I recently made my annual pilgrimage to the Portland International Auto Show and walked away with the same conclusion I arrived at year ago, and the year before, and the year before that — the auto industry grasps technology about as well as a first grader understand astrophysics.
The luxury car market has become obsessed with LCD screens. Gone are the analog speed and rpm dials, replaced with massively stretched 1 DIN LCD dashboards. I couldn't help but wonder what would happen when that screen dies at night while cruising at 70 mph on the highway, or the cache displays an inaccurate speed. The marketing teams of the luxury clan have clearly jumped into the LCD life boat, screaming at the potential buyer that the more LCD's, loaded with more features, dazzling colors, and a host menu's, means true luxury.
The middle-class car market still delivers plenty of technology, its just lurking behind less obvious interfaces, cost cutting measures or half-baked solutions. Connect your iPhone via Bluetooth and presto, the first song in your iTunes library will just start playing. Did the car know I wanted that song, or is this simply a default mode?
Does the car really take that long to interface with my contacts list? Why can't I listen to a YouTube video via the car's Bluetooth, but I can listen to a podcast? Why does the iPhone connection wheel keep spinning? Oh, it's just that the car needs to get use to my Pacific Northwest accent, and then it will understand my commands? The list of struggling technology trying to keep pace with, and take over, the iPhone is endless and equally painful to experience at an auto show, let alone in a purchased vehicle, day after day.
On the surface, the technologies appear hip and cool, and they may very well be the driving force in selling new cars today. But ask anyone about how their car technology solutions actually work, and at some point you'll hear back a high priced package that will have you mutter profanity to yourself. Technology looks new, fun and exciting at the dealership, and people are excited in hearing what they want to hear, but the flat out truth is that once a buyer spends a few weeks with their new car, they learn that their tech package, and the industry at large, is a decade behind the times in how people expect these solutions should work. It would be like buying a computer and upon arriving home you discover your computer comes with a CRT display (not an LCD screen), RAM topping out at 2GB and a parallel port for a printer. Is this 2004 or 2014?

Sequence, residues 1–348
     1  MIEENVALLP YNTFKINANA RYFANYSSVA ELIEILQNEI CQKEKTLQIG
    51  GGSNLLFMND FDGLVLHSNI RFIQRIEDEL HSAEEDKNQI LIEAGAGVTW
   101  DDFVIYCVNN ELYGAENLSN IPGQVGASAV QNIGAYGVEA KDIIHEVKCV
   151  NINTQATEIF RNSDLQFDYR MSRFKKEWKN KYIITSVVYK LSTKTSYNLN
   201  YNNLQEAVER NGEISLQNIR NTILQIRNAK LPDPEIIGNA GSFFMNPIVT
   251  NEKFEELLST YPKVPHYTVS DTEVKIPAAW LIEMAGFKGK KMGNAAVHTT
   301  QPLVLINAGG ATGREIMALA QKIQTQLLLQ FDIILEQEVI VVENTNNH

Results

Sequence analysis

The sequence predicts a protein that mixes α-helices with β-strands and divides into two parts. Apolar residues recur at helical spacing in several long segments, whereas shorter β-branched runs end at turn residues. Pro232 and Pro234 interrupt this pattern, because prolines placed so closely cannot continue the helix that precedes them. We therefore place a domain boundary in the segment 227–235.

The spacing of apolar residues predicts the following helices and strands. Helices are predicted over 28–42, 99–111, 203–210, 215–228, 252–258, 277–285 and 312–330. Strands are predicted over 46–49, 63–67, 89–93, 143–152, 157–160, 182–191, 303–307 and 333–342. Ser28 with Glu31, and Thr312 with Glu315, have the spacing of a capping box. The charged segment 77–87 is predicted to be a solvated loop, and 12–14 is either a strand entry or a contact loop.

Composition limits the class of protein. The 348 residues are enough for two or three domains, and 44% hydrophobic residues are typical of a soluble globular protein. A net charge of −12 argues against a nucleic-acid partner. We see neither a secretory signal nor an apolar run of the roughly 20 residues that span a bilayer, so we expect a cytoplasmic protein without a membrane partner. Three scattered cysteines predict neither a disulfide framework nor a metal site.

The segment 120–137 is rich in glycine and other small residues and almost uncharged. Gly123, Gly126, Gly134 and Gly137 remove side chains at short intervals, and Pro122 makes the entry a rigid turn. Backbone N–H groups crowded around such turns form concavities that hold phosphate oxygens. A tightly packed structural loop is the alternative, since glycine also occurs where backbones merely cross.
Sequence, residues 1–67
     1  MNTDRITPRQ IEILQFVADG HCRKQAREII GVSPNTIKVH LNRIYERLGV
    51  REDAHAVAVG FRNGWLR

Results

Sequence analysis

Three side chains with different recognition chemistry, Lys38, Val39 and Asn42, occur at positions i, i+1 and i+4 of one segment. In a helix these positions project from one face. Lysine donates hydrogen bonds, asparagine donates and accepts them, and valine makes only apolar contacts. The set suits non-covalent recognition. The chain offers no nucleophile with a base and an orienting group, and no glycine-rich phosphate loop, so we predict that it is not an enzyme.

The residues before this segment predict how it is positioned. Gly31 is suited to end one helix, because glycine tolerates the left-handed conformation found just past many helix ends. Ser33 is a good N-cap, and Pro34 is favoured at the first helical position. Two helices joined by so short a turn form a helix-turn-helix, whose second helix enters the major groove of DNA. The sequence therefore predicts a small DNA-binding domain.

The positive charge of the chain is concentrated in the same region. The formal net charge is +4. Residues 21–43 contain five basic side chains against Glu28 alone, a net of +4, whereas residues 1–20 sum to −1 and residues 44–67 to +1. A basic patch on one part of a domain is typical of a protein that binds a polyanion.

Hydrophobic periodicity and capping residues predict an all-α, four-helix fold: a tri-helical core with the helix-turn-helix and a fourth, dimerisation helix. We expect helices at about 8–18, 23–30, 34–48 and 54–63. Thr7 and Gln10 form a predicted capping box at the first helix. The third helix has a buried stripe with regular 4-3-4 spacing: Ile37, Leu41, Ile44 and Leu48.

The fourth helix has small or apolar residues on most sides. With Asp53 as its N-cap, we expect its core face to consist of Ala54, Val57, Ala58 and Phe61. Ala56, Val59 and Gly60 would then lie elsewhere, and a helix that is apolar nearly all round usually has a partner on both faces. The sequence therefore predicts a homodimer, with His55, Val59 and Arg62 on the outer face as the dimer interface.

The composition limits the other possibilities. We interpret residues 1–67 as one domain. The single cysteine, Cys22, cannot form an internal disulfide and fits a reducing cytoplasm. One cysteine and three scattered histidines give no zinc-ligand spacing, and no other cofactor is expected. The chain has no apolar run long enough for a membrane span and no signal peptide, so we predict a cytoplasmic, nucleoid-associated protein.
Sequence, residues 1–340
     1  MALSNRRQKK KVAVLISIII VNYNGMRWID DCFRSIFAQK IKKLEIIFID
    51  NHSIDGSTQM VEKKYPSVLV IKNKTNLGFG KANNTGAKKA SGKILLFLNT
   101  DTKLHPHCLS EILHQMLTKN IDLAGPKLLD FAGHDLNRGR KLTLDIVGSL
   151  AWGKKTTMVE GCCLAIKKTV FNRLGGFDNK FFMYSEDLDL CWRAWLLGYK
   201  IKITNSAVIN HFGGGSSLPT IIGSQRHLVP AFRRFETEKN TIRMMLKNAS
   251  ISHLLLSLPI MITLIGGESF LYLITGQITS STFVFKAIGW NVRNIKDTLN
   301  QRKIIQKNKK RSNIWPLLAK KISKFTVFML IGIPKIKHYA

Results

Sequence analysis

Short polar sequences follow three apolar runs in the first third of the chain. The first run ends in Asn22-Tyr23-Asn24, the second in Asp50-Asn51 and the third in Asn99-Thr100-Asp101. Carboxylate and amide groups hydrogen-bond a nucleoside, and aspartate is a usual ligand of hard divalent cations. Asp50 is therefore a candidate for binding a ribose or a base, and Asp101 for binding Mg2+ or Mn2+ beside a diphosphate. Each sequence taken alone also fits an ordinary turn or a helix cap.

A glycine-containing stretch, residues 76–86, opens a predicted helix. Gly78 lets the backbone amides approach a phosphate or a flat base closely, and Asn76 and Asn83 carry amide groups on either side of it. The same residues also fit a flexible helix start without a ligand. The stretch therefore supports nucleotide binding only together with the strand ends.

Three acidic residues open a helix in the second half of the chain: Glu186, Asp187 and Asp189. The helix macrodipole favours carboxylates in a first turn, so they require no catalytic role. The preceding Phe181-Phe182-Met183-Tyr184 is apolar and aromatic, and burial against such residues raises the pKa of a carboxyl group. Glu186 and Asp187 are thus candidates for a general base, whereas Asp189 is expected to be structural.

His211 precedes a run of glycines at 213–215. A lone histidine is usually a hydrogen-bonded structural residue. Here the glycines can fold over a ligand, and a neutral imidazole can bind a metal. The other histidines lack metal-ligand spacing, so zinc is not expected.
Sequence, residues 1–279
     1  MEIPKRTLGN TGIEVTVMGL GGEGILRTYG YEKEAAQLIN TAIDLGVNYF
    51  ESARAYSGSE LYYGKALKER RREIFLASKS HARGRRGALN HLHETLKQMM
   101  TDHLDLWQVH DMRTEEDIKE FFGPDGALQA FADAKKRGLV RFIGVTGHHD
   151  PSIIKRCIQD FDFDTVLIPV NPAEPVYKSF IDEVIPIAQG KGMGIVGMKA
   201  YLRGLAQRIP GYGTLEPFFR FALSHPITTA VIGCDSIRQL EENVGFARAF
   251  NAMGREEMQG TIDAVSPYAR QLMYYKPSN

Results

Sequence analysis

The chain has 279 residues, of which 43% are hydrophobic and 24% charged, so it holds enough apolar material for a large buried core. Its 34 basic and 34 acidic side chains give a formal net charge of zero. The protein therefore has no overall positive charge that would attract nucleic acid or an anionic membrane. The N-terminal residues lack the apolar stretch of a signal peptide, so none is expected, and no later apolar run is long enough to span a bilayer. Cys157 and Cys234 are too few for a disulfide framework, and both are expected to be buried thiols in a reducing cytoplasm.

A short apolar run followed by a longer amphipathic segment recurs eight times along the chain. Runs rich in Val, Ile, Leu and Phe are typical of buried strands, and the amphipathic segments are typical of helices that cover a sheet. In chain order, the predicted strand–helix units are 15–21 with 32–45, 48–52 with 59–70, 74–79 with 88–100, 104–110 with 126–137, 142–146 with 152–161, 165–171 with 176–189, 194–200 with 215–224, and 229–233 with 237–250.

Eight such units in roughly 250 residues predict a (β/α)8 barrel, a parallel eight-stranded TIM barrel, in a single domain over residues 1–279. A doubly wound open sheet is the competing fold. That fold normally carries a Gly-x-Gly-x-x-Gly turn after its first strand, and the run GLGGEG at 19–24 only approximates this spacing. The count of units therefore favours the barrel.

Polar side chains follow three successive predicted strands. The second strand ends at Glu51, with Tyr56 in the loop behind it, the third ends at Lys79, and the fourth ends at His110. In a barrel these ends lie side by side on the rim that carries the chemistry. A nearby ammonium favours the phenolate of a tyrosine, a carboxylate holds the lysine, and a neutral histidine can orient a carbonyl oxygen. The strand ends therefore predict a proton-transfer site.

Amazingly enough, I have the solution. In fact, so does everyone that owns an iPhone, and it's really quite simple, but only a handful within the auto industry are embracing the answer. Auto Industry: Get the car out of the way between me and my iPhone!
General Motors is actually putting Siri Eyes Free on center stage in a few of their vehicles, but the integration is random across their lineup. Honda is just beginning to dip their toes into Apple's auto solutions, but there are signs that soon (in car terms, that's one or two years), many aspects of your iPhone will be mirrored nearly pixel for pixel onto the center stack display, allowing the driver and passengers to use an interface they know like the back of their hand.
Clearly, letting the advanced technology of the iPhone become the brains of a car's tech package removes the customers need to buy built-in high priced tech packages. Removing high-margin tech out of vehicles isn't what the auto industries marketing departments and bean counters have in mind, but if Apple can put cracks in the industries stodgy walls, they can quickly fall like dominos.
For all the technology ineptness going on within the auto industry, there are some bright spots that have developed as the mechanical minds have been forced to embraced the future. Safety features, such as blind spot monitoring, lane departure warning, or even auto sensing windshield wipers, deliver the opportunity for the driver to keep their eyes on the road. At least this is the goal. At this point the safety features simply afford the driver more time to mess with the car's screwed up technology package.
A message to the auto industry is simply this: Get out of the way of my iPhone and stick to building a great car, and Cupertino will deliver the tech.
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